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The New York Times reports that Nestlé has reached a deal with the Federal Trade Commission (FTC) that will have the company dropping claims that its Boost Kid Essentials drink was so healthy it would keep children from getting colds and missing school.

According to the story, Boost Kid Essentials is “a nutrient-laden beverage made by Nestlé HealthCare Nutrition that comes with a straw containing probiotic bacteria, which is similar to the live cultures in yogurt. Many people say they believe that probiotic bacteria aid digestion and provide other benefits,” and Nestlé made that claim. Now, however, Nestlé has backed off under FTC pressure about what it called deceptive advertising.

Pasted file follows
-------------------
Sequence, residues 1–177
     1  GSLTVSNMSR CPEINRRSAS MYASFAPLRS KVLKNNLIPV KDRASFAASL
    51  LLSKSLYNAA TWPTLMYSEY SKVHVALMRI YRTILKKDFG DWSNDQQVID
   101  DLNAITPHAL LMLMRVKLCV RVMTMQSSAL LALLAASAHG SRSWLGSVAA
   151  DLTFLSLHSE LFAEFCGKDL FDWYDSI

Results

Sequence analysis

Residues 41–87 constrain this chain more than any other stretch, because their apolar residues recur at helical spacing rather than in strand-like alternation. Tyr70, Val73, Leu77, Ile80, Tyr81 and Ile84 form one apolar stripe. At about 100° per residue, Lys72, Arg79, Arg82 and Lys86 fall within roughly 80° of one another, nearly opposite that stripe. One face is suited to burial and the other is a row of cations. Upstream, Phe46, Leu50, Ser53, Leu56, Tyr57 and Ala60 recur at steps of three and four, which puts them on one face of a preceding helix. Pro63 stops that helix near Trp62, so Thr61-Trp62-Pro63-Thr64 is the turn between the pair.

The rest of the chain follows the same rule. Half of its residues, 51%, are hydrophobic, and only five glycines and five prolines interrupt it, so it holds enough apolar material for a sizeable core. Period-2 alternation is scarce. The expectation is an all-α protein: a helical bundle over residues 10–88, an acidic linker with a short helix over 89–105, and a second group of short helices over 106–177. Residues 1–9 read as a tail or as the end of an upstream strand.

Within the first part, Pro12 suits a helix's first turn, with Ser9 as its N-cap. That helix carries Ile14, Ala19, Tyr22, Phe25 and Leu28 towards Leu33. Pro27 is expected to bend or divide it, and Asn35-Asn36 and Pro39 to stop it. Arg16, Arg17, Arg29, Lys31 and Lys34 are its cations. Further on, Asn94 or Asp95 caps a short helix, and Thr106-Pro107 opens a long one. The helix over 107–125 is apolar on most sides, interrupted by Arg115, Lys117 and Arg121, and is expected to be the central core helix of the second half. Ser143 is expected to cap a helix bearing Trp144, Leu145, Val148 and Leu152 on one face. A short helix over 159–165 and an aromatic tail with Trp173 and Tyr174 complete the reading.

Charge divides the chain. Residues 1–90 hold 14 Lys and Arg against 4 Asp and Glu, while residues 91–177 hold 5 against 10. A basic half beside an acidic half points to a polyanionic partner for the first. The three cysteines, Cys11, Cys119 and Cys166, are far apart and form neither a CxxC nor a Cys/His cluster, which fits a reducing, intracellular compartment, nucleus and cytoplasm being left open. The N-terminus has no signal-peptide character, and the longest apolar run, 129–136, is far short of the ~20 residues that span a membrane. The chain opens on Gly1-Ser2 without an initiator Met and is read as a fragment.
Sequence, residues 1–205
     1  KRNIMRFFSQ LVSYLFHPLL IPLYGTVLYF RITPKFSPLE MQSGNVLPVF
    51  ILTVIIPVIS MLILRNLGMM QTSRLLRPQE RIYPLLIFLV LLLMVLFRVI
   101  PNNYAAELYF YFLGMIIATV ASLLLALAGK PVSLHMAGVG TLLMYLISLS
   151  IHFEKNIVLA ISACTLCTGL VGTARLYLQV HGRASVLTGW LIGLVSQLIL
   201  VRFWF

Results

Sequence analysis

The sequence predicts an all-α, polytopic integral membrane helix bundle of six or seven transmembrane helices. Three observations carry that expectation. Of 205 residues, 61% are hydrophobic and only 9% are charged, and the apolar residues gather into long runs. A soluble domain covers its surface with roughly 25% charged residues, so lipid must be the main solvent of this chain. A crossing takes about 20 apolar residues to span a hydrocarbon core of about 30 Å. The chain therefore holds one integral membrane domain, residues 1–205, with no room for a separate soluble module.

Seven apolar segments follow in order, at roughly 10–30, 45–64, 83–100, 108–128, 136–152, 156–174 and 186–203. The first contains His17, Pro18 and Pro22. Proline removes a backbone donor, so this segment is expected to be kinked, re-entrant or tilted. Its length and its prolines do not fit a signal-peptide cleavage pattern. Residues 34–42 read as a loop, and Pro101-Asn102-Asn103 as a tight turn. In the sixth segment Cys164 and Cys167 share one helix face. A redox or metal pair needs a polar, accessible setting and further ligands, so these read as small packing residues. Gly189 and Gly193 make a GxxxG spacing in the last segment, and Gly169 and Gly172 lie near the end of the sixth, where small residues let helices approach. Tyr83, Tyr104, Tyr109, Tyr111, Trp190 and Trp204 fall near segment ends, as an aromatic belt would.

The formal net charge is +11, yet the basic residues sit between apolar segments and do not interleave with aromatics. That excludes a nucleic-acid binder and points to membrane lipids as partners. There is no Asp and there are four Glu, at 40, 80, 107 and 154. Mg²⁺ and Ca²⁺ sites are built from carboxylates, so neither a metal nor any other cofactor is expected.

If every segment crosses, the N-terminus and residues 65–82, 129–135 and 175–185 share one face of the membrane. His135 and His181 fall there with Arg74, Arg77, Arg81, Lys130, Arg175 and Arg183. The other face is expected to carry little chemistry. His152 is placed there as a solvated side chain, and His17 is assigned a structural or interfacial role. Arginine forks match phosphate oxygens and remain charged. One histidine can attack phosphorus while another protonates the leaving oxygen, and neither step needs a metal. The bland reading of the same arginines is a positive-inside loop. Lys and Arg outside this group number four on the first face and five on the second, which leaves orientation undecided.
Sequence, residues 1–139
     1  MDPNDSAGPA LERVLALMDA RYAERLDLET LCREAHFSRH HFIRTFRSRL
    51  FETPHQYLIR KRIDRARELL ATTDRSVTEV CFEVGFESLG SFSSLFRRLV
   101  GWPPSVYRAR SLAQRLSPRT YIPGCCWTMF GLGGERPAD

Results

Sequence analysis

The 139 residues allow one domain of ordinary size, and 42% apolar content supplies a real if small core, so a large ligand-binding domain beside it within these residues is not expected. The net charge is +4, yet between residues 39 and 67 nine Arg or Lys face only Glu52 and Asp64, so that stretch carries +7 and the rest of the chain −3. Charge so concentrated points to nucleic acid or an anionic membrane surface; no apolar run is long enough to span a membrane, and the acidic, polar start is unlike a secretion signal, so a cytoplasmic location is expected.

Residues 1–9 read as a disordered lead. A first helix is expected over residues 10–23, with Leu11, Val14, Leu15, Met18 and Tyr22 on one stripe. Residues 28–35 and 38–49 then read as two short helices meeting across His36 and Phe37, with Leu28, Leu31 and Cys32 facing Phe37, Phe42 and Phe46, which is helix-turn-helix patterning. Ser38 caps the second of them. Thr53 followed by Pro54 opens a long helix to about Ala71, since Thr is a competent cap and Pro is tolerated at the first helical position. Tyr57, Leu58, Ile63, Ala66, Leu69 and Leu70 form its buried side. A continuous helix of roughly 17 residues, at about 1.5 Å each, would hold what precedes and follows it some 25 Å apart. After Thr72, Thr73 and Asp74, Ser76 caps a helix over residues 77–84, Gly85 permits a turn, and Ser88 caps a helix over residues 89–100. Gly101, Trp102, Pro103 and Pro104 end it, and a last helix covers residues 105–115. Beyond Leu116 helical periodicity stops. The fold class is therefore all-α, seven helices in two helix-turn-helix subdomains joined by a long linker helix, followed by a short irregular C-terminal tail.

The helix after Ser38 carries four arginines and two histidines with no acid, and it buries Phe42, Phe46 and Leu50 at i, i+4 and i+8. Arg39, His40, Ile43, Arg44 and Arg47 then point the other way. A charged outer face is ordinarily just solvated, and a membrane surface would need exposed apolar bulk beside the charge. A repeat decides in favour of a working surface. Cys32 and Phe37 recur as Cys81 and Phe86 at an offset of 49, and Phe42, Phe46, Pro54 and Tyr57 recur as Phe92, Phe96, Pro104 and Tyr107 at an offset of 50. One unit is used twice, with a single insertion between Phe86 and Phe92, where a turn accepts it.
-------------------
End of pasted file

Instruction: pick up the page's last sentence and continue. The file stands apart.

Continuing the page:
The Times notes that this is the second time in two months that the FTC has forced manufacturers - the other one was Kellogg’s - to remove ad claims that it said were illusory. Experts say that these moves are “groundbreaking,” and represent a new activist position on the part of federal regulators.
KC's View:
I know that the words “activist” and “federal” give some people hives when they appear in the same sentence, but this strikes me as appropriate behavior by the government. When marketers are less than accurate in their product claims, someone has to protect the consumer.